When newcomers to programming on the Mac ask me for advice about getting started with Cocoa, I usually boil it down to three steps, depending on the amount of time and money they are prepared to put into the task:
If you’re the slightest bit curious, buy Mark Dalrymple and Scott Knaster’s affordable book, Learn Objective-C on the Macintosh. It’s great that this book not only starts from the very beginning, but is available as an easy electronic download, for instant gratification. If you’re convinced you’re in for the long haul, but prefer to learn at your own pace and in your spare time, pick up Aaron Hillegass’s Cocoa Programming for Mac OS X. If it’s time to put the pedal to the metal, and you want to minimize the chances of failing as you learn the basics of this art, drop everything and enroll in the Objective-C and Cocoa Bootcamp class at Big Nerd Ranch.
Big Nerd Ranch is run by the very Aaron Hillegass who authored the book you picked up in step 2, and he teaches the Cocoa bootcamp class himself. The class is not cheap, but neither is it exploitatively expensive. You will learn to program for the Macintosh with a group of classmates, living and programming on a bucolic country retreat, where your meals and lodging are taken care of.
The Big Nerd Ranch concept is exciting, and I have often fantasized about attending a class there myself. I’m probably overqualified for the boot camp, though as with most life experiences, you learn something when you review the basics. The ranch offers a variety of classes in addition to the boot camp, including courses on more advanced Cocoa programming, iPhone development, and even on Django and Ruby on Rails web programming.
Right now, Aaron is busy building a bigger, better, greener, serener (funner? funnest?) Big Nerd Ranch. He’s actually bought a large plot of land and is drafting plans for several new buildings. He’s treating all of us to many glorious details on his personal blog: possible/probable. The blog frames itself as the chronicle of a man in his mid-youth, aiming to improve an already successful life by taking chances and aiming for the stars. It so happens that his stars form a constellation that idealizes and glorifies learning to program on the Mac.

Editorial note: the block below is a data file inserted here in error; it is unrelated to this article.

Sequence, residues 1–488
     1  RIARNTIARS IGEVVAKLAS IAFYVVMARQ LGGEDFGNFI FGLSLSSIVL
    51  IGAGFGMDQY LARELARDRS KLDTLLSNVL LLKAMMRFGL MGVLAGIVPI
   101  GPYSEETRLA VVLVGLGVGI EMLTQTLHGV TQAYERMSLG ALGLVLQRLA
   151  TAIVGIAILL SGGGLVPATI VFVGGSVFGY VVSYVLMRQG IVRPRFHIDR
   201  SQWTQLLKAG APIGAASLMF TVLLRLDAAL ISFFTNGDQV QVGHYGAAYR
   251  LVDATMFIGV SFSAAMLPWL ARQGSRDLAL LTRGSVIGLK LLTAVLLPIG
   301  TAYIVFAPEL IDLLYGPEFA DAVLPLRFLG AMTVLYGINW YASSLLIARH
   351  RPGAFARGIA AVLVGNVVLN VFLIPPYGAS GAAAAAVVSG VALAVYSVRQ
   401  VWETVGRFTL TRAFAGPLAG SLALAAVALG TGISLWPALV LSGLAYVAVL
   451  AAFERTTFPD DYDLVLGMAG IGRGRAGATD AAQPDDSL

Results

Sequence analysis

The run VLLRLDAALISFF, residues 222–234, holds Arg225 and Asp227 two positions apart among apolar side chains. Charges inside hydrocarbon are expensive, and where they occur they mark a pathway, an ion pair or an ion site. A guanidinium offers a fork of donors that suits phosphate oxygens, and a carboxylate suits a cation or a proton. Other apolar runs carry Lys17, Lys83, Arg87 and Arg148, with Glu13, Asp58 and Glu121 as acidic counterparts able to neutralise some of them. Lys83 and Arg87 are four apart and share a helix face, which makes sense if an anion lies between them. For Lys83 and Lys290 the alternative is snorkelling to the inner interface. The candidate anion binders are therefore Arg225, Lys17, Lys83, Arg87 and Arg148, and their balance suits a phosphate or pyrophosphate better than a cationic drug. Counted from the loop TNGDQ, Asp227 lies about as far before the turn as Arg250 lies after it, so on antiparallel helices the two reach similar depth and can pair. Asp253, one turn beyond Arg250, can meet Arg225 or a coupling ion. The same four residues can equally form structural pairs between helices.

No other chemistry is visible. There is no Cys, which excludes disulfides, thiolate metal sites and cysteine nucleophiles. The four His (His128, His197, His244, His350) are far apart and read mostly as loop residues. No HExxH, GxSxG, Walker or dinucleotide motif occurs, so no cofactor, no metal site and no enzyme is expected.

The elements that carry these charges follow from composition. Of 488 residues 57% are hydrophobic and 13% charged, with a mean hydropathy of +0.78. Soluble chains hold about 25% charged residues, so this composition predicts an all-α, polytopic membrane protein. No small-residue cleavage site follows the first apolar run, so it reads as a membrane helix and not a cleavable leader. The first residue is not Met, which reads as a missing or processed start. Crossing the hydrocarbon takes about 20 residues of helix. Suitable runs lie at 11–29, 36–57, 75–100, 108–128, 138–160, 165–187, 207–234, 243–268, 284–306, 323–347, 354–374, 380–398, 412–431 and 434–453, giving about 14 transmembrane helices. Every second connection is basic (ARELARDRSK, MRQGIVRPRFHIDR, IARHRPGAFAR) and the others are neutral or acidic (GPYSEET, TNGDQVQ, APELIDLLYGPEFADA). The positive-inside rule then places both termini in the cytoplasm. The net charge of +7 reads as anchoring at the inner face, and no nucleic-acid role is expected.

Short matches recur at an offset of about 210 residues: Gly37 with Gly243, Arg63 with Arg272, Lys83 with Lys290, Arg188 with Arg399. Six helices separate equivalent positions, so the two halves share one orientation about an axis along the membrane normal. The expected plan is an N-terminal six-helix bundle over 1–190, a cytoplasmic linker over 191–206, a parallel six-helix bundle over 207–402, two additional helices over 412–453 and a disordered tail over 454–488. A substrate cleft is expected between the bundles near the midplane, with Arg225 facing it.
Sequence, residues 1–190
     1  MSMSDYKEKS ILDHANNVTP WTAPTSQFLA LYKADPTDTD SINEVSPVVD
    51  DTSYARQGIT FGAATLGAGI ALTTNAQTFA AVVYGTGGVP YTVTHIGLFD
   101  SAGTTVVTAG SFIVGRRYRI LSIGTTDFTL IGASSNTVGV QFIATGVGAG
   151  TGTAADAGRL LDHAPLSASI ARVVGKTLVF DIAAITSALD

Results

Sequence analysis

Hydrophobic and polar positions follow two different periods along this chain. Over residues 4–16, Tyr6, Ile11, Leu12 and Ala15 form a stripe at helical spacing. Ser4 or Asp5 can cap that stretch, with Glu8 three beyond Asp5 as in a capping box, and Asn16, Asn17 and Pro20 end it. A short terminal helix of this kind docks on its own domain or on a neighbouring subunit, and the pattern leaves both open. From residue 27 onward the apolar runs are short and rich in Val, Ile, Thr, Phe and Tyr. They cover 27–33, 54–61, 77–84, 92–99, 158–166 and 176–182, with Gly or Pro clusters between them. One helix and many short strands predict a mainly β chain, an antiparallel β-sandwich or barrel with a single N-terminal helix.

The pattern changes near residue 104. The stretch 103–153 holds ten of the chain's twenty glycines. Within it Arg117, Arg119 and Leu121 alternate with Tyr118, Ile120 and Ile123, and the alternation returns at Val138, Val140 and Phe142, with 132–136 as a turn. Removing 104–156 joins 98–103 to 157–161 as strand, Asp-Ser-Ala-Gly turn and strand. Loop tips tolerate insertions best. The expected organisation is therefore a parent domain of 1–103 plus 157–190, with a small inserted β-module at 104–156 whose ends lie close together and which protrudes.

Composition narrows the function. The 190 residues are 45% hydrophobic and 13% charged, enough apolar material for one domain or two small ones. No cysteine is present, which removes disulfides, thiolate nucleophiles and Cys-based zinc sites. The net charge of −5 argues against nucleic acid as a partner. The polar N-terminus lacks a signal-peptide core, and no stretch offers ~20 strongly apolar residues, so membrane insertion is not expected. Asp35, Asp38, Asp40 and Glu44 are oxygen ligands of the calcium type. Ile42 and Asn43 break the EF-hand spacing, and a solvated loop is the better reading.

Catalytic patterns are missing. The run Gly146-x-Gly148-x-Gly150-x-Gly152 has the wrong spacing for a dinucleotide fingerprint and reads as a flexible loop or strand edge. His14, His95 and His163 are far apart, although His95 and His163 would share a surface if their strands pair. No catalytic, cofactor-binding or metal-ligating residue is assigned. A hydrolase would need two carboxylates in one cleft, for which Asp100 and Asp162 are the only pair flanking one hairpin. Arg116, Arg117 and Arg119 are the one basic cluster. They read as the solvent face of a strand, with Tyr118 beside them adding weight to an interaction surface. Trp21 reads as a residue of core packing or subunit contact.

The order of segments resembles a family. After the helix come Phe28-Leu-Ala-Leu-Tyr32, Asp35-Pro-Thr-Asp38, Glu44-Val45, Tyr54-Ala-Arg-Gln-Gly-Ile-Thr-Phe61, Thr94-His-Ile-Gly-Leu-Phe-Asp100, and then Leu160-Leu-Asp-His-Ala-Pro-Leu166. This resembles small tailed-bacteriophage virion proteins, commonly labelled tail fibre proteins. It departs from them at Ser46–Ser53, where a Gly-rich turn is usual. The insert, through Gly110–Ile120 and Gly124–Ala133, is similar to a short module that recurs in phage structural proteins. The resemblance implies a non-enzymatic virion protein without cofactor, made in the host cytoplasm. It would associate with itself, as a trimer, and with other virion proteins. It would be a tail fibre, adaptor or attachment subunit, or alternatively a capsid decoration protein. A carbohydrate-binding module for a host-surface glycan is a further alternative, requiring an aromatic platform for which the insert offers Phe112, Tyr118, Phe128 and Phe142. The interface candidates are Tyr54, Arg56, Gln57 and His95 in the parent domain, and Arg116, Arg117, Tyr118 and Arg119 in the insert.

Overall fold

When you check out the blog, be sure to read through the archives. You’ll be riveted by his stories of searching for suitable property, securing bank loans, winning and losing architects, and grappling with the underlying question of just how crazy pursing this dream might be.
Fortunately for us, Aaron seems to be guiding his own life with the words of his blog title, “possible” and “probable.” I interpret these slash/stroke separated terms optimistically, as I expect he does. If you can imagine something, if it seems vaguely possible, then with a little work it is made probable.
I find Aaron’s optimism inspiring, and his stories remind me of my own possible/probable dreams still waiting to be fulfilled. His zeal for the pursuit of happiness rests safely between recklessness and painful deliberation. He recognizes that while frightening risks need to be taken, putting in hours of hard and tedious work will greatly improve the odds of success.
We should all get to work turning our own possibilities into probabilities, because nobody else is going to do it for us. With the help of Aaron’s blog, we might find ourselves inching just a little bit closer.